Depending on who you talk to, downloading music online is either an unscrupulous crime or a free alternative to iTunes. Today's major record labels believe in the former, and they've spent the better part of the last decade trying to protect their property.
But their latest measure to thwart copyright infringement is nearly the digital equivalent of a schoolmate ratting you out for skipping class.
As Casey Chan of Gizmodo reports, record labels are using a student task force to seek out fellow students who illegally pirate music.
"EMI, Sony, Universal and Warner are funneling money to an anti-piracy group called proMedia whose sole purpose is to hunt down copyright infringements," reveals Chan. "The company, according to one anonymous employee who works there, employs around 35 students who crawl and comb through forums, blogs and file hosting sites to find people who pirate music."
The inside man, who TorrentFreak refers to only as 'Peter,' is a 26-year-old musician and student teacher. He has worked at proMedia's office in Hamburg, Germany, for the past four years.
Using students to hunt down their own may seem odd to some, but as Charlie Osborne of ZDNet explains, it makes perfect sense.
"Who best to hunt down prolific pirateers than those who arguably understand the technology involved more than other age groups?" asks Osborne. "Students. Known for their free exchange and grabbing of files protected by copyright law, from music to books and television shows, it does seem that often when one reads legislation drafted in order to try and combat the issue, a basic fundamental understanding of how you acquire such files online is lacking. (SOPA comes to mind)."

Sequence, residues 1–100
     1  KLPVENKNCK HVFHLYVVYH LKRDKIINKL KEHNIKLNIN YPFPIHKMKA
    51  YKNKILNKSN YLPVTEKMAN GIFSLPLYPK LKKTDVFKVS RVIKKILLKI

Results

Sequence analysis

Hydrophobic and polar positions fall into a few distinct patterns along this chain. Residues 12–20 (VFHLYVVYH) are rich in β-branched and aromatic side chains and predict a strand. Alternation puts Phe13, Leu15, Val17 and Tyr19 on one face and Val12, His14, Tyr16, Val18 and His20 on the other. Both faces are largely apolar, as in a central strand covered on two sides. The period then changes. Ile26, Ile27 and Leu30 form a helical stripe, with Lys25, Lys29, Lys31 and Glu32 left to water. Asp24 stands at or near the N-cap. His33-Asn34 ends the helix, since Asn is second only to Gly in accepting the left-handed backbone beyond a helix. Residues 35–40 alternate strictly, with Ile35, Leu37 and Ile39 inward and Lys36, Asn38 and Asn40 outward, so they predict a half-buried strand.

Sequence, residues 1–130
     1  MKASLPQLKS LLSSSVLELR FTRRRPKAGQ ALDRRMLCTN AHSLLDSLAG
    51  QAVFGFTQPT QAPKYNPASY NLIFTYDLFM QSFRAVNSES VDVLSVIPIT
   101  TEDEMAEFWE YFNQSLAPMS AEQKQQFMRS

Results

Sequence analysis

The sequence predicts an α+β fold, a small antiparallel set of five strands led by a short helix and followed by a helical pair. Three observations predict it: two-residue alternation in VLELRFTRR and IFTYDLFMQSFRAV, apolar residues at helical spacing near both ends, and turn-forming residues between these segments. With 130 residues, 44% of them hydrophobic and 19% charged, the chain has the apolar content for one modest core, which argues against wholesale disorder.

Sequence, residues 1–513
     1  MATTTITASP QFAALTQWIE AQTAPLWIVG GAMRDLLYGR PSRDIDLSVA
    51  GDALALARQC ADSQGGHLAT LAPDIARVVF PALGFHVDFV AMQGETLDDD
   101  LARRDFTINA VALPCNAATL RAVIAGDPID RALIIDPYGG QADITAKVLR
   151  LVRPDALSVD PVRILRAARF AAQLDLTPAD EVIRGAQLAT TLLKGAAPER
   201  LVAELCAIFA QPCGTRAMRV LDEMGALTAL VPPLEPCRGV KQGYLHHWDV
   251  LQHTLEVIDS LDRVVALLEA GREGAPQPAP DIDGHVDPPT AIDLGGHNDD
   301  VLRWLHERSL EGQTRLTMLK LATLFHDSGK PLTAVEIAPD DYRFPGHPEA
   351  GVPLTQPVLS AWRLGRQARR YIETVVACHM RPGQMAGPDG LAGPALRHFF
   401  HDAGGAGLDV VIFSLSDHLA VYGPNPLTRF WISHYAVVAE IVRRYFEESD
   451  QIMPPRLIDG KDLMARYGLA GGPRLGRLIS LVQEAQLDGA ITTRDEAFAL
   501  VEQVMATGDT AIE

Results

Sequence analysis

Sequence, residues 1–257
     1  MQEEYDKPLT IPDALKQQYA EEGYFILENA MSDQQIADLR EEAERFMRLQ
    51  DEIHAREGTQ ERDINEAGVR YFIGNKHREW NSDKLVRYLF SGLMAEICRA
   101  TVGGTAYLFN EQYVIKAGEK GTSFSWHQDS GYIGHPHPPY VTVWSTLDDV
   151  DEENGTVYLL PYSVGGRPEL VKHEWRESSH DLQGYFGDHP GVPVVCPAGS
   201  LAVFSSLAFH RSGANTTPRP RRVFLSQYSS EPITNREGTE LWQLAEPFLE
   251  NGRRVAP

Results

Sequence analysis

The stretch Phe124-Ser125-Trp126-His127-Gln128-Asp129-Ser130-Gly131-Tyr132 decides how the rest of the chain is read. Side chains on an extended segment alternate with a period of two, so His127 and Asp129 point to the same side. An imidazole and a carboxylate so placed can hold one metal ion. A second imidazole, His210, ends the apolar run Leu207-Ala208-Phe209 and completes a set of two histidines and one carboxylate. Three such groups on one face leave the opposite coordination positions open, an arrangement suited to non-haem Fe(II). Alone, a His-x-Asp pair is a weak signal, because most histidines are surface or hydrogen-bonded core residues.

In addition to trolling Google to search blogs and forums, Peter and his peers engage in what TorrentFreak describes as "the most controversial anti-piracy work — tracking down file-sharers on P2P networks such as BitTorrent in order to extract cash settlements from them."
"According to Spiegel, the BVMI (Bundesverband Musikindustrie - The Federal Association of Music Industry in Germany) reports that it closed (read: settled or gave up on) 13,562 civil cases on behalf of the labels in 2008 alone (more recent data was not provided). "As revealed by an earlier TorrentFreak investigation, there is big money to be made from these settlements. Universal, Warner and EMI look for around 1,200 euros per time, with Sony requesting around 950 euros."
As of now, this particular practice seems to have limited its reach to the borders of Europe. But similar penalties for copyright infringement could find their way across the pond in the coming months.
"The MPAA (Motion Picture Association of America) and RIAA (Recording Industry Association of America), helped by all major Internet providers in the United States, will begin to warn and punish copyright infringers in the months to come," according to a TorrentFreak report.
"Those caught sharing copyright works will receive several warning messages and subsequent punishment if they continue to infringe. The parties agreed on a system through which copyright infringers are warned that their behavior is unacceptable. After five or six warnings ISPs may then take a variety of repressive measures."